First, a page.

Who was the White Rose of Stalingrad?

Lilya Litvyak, Katya Budanova and Mariya Kuznetsova on the tail of a Yak-1 Lilya Litvyak, left, was one of the first female pilots of the Eastern Front

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Lidiya Vladimirovna Litvyak was the young fighter pilot with the bouquet of wildflowers in her cockpit who shot down a dozen of the Luftwaffe's best pilots to become the highest scoring woman air ace of all time, writes author Bill Yenne.

She was a study in contrasts, a shy girl who matured into a young woman who dared to aspire to be a warrior, in part to defend the reputation of her family name, dishonoured by the lies which had shamed her father (who was swept up in Stalin's purges of 1937), and in part to save her beloved Motherland from Hitler's invading Wehrmacht.

She is seen as representing many, and symbolic of much.

Lidiya - known as Lilya - helped symbolise a generation of young women, barely old enough not to be called schoolgirls, who answered the call in 1941 to fight the Germans, and who became heroines in the armed forces of the Soviet Union, the only nation to regularly use women in combat roles in World War II.

Battle of Stalingrad

  • In the spring of 1942, Hitler launched what he believed would be his final offensive in the East
  • More than 1,000 tons of bombs were dropped on Stalingrad
  • The average life expectancy of a Soviet private during the battle was 24 hours
  • Of all the major air forces that were engaged in WWII, only the Red Air Force had all-women units

Though she would never have imagined it, she can also be seen to symbolise the spirit of the 21st Century military women who heroically fight and die on the world's battlefronts.

The fact that popular culture has portrayed her as the White Rose of Stalingrad, when it was actually a white lily which she painted on the side of her Yak-1 fighter aircraft is illustrative of how, in death, the story of her short life has become as much myth as legend.

Yet, in the making of history, the myths, in the literary sense, are the elements of the story which elevate certain events and certain people to prominence above others.

In the beginning, Lilya was merely an unpretentious girl who wanted to fly planes. She was born in Moscow in 1921, on August 18, the day which, on her 12th birthday, became Soviet Aviation Day. She later joked with her friends that they picked that date because it was her birthday.

A poster telling the viewer to join the Society for Assistance to the Aviation and Chemical Industry The Society for Assistance to the Aviation and Chemical Industry sponsored flying clubs for young Soviet people

While still in her teens, she learned at a flying club and became an exceptional pilot. When the war began, Lilya volunteered for one of the three all-woman aviation regiments that were being organised by the celebrated, record-setting Soviet woman pilot Marina Raskova.

In September 1942, as the lines were being drawn for the crucial Battle of Stalingrad, Lilya and a small cadre of other women were transferred to an elite fighter regiment. Having established their reputations for skill and daring, they were being thrown into the great cauldron that was to be the turning point of the war.

Doing battle with some of the Luftwaffe's best fighter pilots, Lilya shot one down, and then another. By the end of her first month in combat, she had downed five, to become history's first woman ace.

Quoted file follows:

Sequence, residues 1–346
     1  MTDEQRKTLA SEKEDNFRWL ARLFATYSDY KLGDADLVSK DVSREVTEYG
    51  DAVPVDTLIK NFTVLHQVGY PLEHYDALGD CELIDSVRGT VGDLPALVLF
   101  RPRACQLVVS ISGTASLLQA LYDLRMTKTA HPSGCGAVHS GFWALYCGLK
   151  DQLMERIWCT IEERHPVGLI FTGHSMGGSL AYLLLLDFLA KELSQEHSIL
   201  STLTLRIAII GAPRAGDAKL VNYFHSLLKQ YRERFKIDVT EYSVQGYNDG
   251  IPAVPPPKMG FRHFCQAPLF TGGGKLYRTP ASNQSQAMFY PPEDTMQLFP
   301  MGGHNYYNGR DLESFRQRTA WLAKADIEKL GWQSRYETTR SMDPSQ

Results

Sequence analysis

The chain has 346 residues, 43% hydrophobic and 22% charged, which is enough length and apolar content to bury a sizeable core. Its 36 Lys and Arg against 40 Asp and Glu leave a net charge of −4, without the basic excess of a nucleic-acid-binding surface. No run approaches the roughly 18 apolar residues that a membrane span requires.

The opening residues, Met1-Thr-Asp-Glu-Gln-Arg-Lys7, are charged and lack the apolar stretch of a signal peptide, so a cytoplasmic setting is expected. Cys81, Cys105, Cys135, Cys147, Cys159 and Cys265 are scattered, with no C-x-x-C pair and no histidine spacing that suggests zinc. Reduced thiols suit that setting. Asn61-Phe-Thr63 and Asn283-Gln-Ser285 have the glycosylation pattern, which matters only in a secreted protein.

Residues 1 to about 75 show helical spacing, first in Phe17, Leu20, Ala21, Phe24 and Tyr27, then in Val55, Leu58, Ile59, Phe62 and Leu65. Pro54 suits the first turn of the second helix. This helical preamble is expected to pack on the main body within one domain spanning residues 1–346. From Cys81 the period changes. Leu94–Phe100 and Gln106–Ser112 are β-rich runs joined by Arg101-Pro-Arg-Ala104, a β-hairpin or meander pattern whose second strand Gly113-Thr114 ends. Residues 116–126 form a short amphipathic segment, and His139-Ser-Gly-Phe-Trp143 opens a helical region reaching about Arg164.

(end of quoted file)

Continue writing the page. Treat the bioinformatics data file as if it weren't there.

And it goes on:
Through the coming months, Lilya entered combat dozens of times. She experienced having her plywood fighter plane being hammered by explosive shells the size of a young woman's forearm.

Soviet paranoia

She suffered life-threatening injuries, but she persevered. She entered one-on-one combat with Germany's knights of the air and emerged victorious about a dozen times. Record keeping in the Soviet Union was not the best in those days, but her total score of aerial victories may well have been more than a dozen.

On the first day of August in 1943, as the white cumulus of the afternoon billowed against a deep blue sky over the slightly rolling hills of Ukraine, Lilya Litvyak fought her last battle and disappeared without a trace. She was less than three weeks short of her 22nd birthday.

By this time, she had graced magazine covers and had received numerous decorations for bravery. She had accomplished the requisite number of aerial victories to be awarded the highest decoration for valour, the red star of the Hero of the Soviet Union.

Lidiya Vladimirovna Litvyak Lilya would make scarves from parachute material and keep bouquets of flowers in her cockpit

However, in the world of Stalin's institutional paranoia, those who were missing in action could not receive this award posthumously. Stalin feared that those who were missing might turn up as defectors.

And so it was that the celebrated heroine slipped into obscurity. It was not until 1979 that remains identified as Lilya's were recovered, and not until 1986, that the slow-moving Soviet bureaucracy officially removed her from the "missing" list, declaring her to have been "killed in action."

On May 5 1990, four long years after the bureaucracy had spoken, Lilya's name was spoken in the Kremlin. It had been 47 years since she had limped the streets of Moscow on a leg injured in combat.

The Soviet Union itself was in its final days, but celebrating its finest moment.

Mikhail Gorbachev, the last of Stalin's successors, was in the midst of a round of commemorations of the 45th anniversary of the Soviet Union's victory in the war, and amid the medal ceremonies, Lilya Litvyak was finally awarded her decades overdue Hero of the Soviet Union.

Bill Yenne is the author of several military biographies, including The White Rose of Stalingrad.

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